Your tax refund may be smaller this year; here’s why


Chicago — The official tax filing season begins on Monday. A surprise might be waiting for your wallet.

So, whether you plan to file your 2022 federal income tax return soon or wait until the last minute, now is the time to see if you owe the IRS more money, or likely get it. This is a good time to find out if In the case of a refund, the amount.

Here’s why: Amounts may vary significantly from last year. Some common tax benefits have changed since you filed your 2021 return. Your financial situation can also change when you sell assets or get laid off.

If you find that you need to pay the IRS more money and it will take longer to put the funds together, “you can still apply, but please set the payment for April 18,” H’s chief tax officer said. Chief Cathy Pickering said.&R block. (Paying after April 18th may result in fines and interest.)

Why Some People Get Small Refunds

Most Americans receive federal tax refunds each year, and for many, those refunds are a big financial boon. CNN reported.

But that benefit is likely to be smaller this year. This is partly due to the expiry of some tax incentives that were in effect in the previous tax year.

Child Tax Credit: For the 2022 tax year, if your adjusted gross income is less than $200,000 ($400,000 if jointly filing), a parent may pay up to $2,000 for each child up to age 16. You can claim a tax credit. Beyond these levels, credits begin to phase out. And the portion of the credit that is treated as refundable (meaning it is paid without having to pay federal income tax) is limited to $1,500 for her, and at a minimum he earns $2,500. Only available to one person.

But this falls well short of the now-expiring enhanced child tax credit that was in effect in 2021. Among other things, it is fully refundable with no income requirements, Pickering noted. This enhancement also allows parents to claim credits up to $3,600 for each child under 6 and up to $3,000 for children ages 6 to 17.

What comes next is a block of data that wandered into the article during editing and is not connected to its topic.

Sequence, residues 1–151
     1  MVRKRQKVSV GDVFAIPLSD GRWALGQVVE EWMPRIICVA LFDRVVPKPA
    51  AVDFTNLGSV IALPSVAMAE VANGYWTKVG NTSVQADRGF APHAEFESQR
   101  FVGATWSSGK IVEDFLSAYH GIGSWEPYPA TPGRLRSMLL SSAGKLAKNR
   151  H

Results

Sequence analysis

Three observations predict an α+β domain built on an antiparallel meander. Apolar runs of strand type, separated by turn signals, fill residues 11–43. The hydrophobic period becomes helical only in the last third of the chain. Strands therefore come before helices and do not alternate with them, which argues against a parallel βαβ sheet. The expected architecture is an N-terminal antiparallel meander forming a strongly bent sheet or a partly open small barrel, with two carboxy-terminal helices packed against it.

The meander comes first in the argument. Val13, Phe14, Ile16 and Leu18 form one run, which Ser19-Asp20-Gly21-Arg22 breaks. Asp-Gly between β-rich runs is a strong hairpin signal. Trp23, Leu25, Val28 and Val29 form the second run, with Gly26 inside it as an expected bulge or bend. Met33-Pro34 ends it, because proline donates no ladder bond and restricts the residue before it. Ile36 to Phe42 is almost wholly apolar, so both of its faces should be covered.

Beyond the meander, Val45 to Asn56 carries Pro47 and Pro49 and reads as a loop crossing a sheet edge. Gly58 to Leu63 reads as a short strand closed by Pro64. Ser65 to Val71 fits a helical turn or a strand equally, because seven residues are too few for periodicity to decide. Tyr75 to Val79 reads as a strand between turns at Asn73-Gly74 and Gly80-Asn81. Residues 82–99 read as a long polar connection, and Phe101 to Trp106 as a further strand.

Child Support Credit: The tax credit that a working parent uses to help pay child support, or the tax credit filers claim to pay for adult dependent child support, will also be significantly lower in the 2022 tax year. increase. Expired.

For example, in 2022 returns, you can claim up to 35% on expenses up to $3,000 for one person, or up to $6,000 for two or more people. This is a non-refundable credit. In other words, you can claim only if you have an offsetting federal income tax liability.

In contrast, for tax year 2021, the credit was fully refundable, worth up to 50% on expenses up to $4,000 for one person, and up to $16,000 for two or more people.

RELATED: Trump organization found guilty in tax evasion case, fined $1.6 million

That’s how much difference this makes, according to Pickering. This year, you can only get credit up to $1,050 if you have one child or dependent ($2,100 for him if you have two or more). In contrast, last year’s credit was $4,000 for him (or $8,000 for two or more).

Employed Income Tax Credit for Childless Persons: A refundable credit, the EITC allows low- and middle-income workers (defined as workers earning less than $59,187 in 2022), especially filers with children. It was a way to help financially. .

The EITC is available to income earners who do not qualify for children. But someone in this group has only $560 in his 2022 credit. This is about $1,000 less than his $1,502 he was allowed to claim in 2021 as a result of his one-year hardening that was part of the American Rescue Plan.

Charitable Deductions: To justify itemization of deductions for 2022, including charitable contributions, the standard deduction of $12,950 for single filers and $25,900 for joint filings if married is needed.